“The evil man has gone after my soul; my life is crushed down to the earth: he has put me in the dark, like those who have been long dead. Because of this my spirit is overcome; and my heart is full of fear.”
Psalm 143:3 lingers in Mark Stiles’ mind watching his abuser, former Salvation Army officer Captain Russell Walker give evidence. Earlier, Walker had kept shifting seats in the courtroom, edging closer.
“He was moving seats trying to throw me off my game. He had the appearance of someone who didn’t think he should be there,” Mr Stiles said.
Reliving the repeated sexual abuse he’d been subjected to over 16 months from 1971 to 1972 was, by his own admission, “the toughest thing (he’d) ever had to do”.
Mr Stiles has chosen to identify himself as a victim of Russell Robert Walker, who served at the Gill Memorial Boys Home in the early 1970s. Walker was sentenced in Darlinghurst District Court on December 3 to 16 years’ prison, with a non-parole period of 12 years.
In July he was found guilty of 18 counts of assault on a male, two counts of buggery, and one each of attempting to procure/commission an indecent act with a male and procuring/commissioning an indecent act. He had pleading not guilty throughout.
Mr Stiles, now 60 and living in Queensland, also gave evidence before the Royal Commission into Institutional Responses to Child Sexual Abuse in 2014. Strike Force Lehman detectives started their investigations into sexual abuse at the Army’s Goulburn and Bexley Boys Homes soon after. They arrested Walker in late 2016.
“I’ve done easier things,” Mr Stiles said of his testimony during the six-week trial. “It never leaves you, but a little thing inside you says justice must be served and that’s what drives you. We (including five other victims) did it for the hundreds who couldn’t come out of their homes and speak up.”
He came to Gill from Canberra in August 1971, aged 12, the son of a sole parent. His mother was a payroll clerk; the children, “latchkey kids”. He repeatedly wagged school and one day, someone suggested to his financially struggling mother that the young Mark could go to Gill.
“I was put in there just in case I ran away,” he said.
In court he detailed his first day at the Home and being “belted around the head” for failing to make his bed. He told how Walker preyed on him and others, isolating him in places such as the bell-tower and then indecently assaulting him. Walker was convicted of five indecent assault charges in regard to Mr Stiles.
In his victim impact statement to the court, Mr Stiles said his world collapsed during his time at the home.
“Arriving at the Gill was terrifying and the terror multiplied at the beginning of the abuses. I would freeze like a board at each episode and then return to my dorm or workplace or wherever, feeling sick, shamed, guilty and very angry.”
He told of being further isolated at high school, regarded as a “homie”. While other students went home to “biscuits, tea and milk drinks,” the Gill boys returned to “abuse, assaults and God only know what else”.
“It was like waking up with a rapist daily,” he said.
His father removed him from the Home in late 1972 after Mark wrote to him. That was after he’d twice tried to run away. On one of these occasions he told police of his abuse at Gill but said the officer hit him around the head “for spreading rumours.” He was beaten again when he was returned to the institution.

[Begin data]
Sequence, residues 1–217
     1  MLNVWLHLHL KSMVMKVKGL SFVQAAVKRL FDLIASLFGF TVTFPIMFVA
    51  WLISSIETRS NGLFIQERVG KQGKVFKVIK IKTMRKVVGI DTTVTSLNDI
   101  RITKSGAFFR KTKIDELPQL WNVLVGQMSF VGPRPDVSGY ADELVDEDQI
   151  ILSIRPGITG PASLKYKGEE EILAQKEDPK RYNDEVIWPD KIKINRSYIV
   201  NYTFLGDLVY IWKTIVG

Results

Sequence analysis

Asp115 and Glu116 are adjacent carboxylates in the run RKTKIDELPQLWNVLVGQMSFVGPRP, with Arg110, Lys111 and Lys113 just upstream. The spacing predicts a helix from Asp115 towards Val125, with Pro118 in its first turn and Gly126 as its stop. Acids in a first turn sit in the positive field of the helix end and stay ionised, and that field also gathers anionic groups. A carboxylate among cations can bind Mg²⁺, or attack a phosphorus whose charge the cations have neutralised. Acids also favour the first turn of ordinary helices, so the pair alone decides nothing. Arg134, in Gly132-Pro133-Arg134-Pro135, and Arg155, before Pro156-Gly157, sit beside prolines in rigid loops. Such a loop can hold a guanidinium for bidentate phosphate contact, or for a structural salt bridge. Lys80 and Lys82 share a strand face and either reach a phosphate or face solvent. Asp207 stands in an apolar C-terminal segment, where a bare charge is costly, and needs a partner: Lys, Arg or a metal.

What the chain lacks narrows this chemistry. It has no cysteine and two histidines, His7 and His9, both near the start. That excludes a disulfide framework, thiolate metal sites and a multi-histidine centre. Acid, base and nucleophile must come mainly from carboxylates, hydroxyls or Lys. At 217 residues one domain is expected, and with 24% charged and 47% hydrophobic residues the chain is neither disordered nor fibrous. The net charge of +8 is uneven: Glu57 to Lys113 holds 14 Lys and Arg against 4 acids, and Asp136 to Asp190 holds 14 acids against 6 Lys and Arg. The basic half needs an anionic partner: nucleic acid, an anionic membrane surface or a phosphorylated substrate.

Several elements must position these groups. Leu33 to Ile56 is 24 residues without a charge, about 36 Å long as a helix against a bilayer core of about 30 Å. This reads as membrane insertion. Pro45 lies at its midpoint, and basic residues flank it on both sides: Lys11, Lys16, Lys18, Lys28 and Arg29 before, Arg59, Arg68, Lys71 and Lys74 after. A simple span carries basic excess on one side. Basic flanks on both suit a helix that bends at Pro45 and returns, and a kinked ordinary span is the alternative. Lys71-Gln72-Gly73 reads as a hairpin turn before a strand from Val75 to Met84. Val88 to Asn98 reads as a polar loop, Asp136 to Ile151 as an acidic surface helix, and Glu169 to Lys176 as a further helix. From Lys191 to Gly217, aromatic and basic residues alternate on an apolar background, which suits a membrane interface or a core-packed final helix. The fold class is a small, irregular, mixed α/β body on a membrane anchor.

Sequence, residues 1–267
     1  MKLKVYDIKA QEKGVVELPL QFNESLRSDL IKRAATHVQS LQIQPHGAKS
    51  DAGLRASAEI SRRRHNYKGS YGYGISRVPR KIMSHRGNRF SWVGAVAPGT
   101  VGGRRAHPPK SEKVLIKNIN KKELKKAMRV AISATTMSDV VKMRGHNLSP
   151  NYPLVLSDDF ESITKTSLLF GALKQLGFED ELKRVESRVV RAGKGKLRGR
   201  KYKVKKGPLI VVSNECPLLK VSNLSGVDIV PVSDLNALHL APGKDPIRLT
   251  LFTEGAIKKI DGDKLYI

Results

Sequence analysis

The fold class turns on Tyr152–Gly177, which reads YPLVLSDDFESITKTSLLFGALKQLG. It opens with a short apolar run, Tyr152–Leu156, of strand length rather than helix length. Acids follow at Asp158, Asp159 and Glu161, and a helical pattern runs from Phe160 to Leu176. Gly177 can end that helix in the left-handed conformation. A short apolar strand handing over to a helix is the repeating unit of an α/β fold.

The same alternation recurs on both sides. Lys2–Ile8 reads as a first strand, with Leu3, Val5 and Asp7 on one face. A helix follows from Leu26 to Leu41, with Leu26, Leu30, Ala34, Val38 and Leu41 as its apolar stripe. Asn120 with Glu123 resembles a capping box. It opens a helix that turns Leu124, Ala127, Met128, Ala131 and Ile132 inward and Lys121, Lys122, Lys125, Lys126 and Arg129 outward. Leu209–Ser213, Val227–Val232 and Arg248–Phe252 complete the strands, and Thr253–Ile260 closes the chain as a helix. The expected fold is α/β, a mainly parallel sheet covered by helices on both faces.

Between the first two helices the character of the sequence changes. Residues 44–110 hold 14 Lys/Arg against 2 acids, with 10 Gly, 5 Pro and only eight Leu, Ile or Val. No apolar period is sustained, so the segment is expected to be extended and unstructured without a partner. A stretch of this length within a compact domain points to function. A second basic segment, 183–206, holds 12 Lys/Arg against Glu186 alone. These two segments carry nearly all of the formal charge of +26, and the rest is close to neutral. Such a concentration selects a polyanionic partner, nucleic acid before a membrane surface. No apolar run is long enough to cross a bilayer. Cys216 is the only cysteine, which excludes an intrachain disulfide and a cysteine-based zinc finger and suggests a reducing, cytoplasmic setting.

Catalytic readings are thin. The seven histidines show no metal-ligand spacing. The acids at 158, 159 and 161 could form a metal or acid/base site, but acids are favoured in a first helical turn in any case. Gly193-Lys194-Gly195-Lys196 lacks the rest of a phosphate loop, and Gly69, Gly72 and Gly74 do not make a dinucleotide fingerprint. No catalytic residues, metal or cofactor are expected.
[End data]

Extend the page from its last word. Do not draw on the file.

Mr Stiles said later he moved from job to job, struggled with relationships, turned to alcohol for social acceptance and lived with suicidal thoughts daily.
It was like waking up with a rapist daily- Mark Stiles
Regarding the verdict and sentence, he said it was nice to have a win, “but looking at the bigger picture, had the churches faced up to their massive moral failure earlier, more lives could have been repatriated and lived to the fullest … instead of having decades of denying and stalling.”
Mr Stiles said the trial forced the boys to relive their experience. Having to explain what happened to him to 12 people (the jury) he’d never met made him want to be physically ill
He had his say in court.
“You were so in control, you knew I would never scream out, and you knew I would never be believed if I spoke out … You used your power and authority over a helpless and terrified child,” his statement read.
“I tell you now, even in spite of me forgiving you for my own benefit, your actions and your subsequent demand of putting the innocent on trial yet again should ring loud in the halls of justice, both earthly and heavenly.”
He said he’d been left “humiliated, shamed and filthy” and there was “nothing available on earth that could get that back”.
Mr Stiles told the Post that he still bore scars on his back from beatings by the now deceased Captain Lawrence Wilson, who was also named in the Royal Commission.
Over the years he has received some compensation payments that did not waive his right to legal action. He expected Walker’s guilty verdict to pave the way for further civil claims.
Mr Stiles has spent many years in law enforcement. Despite everything, he says, he’s still a Christian. He said he had survived with the support of a loving wife and family.
In recent years he has spoken out about his experience, including at Parliament House in 2015.
“I haven’t had an enjoyable life, but whatever time I have left, I’d like to think that I can sit with survivors and help them purge themselves,” he said.
“None of us will forget what happened, but we have to get to a place where we can just live.”
- Lifeline Australia, telephone 13 11 14, for crisis support and suicide prevention.
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